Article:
Your organization must comply with all federal, state, and local laws and regulations. If you aren’t, you are opening up your business to potential lawsuits.

Laws and policies constantly evolve, and they differ across cities and states. The variation is even more significant if your team is international because you have employees with vastly different employment laws in multiple locations.

If you have a large team, you may have someone in HR dedicated to being up-to-date on HR Compliance, but if your team is small, it may make sense to work with an Employment Law Lawyer.

4. Establish a process for reviewing and updating

Your handbook needs to be a living document that changes with the organization. It is, therefore, important that your HR team updates the manual often. To do this, establish a structured process that gives your team time to review each section.

It’s common for the workplace to see a fresh batch of laws and regulations at the federal, state, and local levels in the new year. This makes January an ideal time for HR professionals to carefully examine their employee handbooks and consider necessary updates.

HR pro tip:

It can be easy to overlook making changes in your handbook. To make it easier, book a recurring week in your January calendar for your team to focus solely on employee handbook changes.

5. Ensure the handbook is approved by legal

Getting buy-in and approval from legal before publishing your handbook to the rest of the company is essential to ensure you are legally compliant and there aren’t any missing topics or policies.

6. Encourage feedback and make changes as needed

Receiving feedback on your handbook from the rest of your team is essential. They may point out things you are missing or sections that could be more clear. Additionally, your company may make changes mid-year, so ensure your handbook is updated with important information more often than yearly if needed.

HR pro tip:

Encourage the team to give feedback by asking individuals directly or sending a survey after the handbook.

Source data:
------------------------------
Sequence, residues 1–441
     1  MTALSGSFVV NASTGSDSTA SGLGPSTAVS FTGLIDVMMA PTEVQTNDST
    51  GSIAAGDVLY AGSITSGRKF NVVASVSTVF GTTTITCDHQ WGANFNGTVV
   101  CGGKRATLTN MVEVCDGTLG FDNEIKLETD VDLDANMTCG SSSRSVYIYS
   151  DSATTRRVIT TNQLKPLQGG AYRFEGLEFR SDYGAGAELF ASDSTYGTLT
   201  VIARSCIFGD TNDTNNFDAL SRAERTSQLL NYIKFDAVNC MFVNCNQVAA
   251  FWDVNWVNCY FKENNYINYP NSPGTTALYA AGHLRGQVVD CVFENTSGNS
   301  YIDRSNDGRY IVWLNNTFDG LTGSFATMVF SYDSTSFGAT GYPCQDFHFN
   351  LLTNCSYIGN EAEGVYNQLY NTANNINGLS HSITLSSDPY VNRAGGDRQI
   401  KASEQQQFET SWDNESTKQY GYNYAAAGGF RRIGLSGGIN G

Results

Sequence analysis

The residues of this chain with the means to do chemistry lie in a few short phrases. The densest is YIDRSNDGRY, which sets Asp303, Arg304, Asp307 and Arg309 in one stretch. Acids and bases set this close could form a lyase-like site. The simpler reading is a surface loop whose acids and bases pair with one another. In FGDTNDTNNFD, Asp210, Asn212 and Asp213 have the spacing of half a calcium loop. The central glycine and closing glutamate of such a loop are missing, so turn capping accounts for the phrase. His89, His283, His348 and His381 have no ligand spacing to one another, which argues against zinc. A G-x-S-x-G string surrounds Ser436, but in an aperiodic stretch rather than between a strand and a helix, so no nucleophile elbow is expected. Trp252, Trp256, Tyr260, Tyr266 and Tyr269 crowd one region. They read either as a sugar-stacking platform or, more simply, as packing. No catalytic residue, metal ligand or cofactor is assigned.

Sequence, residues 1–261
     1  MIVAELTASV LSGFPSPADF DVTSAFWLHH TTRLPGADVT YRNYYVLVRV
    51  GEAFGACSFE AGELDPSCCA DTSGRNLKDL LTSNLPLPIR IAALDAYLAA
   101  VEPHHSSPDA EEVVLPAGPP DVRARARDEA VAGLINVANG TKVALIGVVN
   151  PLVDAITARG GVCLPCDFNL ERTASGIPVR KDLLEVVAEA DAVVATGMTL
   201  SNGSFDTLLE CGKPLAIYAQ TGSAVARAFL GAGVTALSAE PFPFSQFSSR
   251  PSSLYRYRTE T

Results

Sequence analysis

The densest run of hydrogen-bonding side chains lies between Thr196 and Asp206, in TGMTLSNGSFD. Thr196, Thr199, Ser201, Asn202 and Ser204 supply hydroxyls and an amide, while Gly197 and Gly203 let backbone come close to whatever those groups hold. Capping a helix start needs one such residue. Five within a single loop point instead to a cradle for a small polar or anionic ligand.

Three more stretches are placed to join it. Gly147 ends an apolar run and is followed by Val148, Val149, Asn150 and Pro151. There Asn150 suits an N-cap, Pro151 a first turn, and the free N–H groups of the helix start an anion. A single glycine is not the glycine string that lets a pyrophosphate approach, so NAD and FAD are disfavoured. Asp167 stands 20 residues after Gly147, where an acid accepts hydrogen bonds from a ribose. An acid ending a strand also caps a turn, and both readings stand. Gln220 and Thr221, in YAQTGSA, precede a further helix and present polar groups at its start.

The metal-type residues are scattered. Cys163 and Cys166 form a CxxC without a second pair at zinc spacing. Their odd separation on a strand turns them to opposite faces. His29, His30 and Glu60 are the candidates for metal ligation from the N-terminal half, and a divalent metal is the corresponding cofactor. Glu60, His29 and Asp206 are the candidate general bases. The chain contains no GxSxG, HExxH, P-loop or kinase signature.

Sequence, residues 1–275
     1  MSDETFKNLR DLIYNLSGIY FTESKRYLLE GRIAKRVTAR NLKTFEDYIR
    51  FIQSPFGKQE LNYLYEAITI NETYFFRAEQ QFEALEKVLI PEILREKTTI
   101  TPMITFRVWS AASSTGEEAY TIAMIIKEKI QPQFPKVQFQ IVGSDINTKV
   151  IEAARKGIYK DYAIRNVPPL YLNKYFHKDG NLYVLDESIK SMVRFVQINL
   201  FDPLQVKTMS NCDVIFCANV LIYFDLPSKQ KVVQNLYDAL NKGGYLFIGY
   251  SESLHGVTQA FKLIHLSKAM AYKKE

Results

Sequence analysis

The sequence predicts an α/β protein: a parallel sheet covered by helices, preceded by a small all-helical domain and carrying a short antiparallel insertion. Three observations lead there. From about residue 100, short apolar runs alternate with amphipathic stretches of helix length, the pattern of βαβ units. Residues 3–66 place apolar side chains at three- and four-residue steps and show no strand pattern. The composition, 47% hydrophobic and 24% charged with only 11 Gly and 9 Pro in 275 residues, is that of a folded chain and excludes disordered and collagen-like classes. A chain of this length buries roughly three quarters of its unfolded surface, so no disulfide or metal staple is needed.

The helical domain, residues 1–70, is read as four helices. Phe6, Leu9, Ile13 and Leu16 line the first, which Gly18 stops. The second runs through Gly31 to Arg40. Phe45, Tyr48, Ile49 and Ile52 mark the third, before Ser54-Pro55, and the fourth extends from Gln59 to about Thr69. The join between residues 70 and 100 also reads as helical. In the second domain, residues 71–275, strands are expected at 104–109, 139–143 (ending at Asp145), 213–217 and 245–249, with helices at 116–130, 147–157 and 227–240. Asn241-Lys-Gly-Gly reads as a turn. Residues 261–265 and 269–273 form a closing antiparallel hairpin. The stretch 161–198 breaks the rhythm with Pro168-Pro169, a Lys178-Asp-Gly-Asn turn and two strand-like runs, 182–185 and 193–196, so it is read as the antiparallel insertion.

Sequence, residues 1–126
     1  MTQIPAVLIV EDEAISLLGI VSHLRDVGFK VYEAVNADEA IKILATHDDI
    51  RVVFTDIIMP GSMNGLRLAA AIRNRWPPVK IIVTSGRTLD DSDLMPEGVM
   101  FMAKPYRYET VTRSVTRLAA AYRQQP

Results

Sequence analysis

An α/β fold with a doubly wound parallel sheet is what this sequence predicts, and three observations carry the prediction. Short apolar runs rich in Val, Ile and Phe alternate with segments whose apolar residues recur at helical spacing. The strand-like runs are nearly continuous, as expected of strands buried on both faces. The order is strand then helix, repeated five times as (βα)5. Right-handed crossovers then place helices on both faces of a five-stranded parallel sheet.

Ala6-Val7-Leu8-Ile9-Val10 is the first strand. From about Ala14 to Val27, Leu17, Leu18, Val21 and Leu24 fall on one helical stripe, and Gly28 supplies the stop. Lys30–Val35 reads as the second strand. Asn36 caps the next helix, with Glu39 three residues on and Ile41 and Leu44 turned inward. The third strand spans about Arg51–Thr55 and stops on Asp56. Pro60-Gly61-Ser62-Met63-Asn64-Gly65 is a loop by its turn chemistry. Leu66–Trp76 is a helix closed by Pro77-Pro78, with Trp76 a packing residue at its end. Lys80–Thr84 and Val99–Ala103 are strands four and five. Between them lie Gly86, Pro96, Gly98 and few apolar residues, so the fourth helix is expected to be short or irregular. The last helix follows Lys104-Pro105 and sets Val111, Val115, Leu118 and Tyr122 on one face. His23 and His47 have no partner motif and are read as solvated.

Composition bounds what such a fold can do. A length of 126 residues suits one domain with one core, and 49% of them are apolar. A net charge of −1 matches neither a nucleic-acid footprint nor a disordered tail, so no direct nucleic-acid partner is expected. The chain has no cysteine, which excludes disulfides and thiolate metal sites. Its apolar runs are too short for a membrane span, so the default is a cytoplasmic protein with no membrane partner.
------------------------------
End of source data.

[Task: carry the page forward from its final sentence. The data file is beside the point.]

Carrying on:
Key takeaways

  1. An employee handbook sets clear expectations for behavior and performance, defines employees’ rights, and communicates legal obligations. It is also a valuable tool for providing clarity and structure to both employees and management.
  2. An HR department should create an employee handbook to save the company from future legal battles and headaches. A detailed manual can protect the company from legal liability, for example, by communicating rules on anti-discrimination policies or how to report harassment.
  3. Your employee handbook can be as detailed or as simple as you want to make it. Start with your culture and values to help you create a consistent message throughout your manual, and have fun!

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The Complete 2024 Guide to the Employee Handbook (3)

Jayla Cosentino

Jayla Cosentino is a recruitment professional who specializes in hiring teams for start-ups and scale-ups. She focuses on 360 recruitment as well as building and optimizing organizations’ recruitment processes. Passionate about everything recruitment and HR, Jayla has spoken at conferences organized by companies such as Honeypot.io and ProductUp, as well as at universities like the University of Utrecht.

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The Complete 2024 Guide to the Employee Handbook  (2024)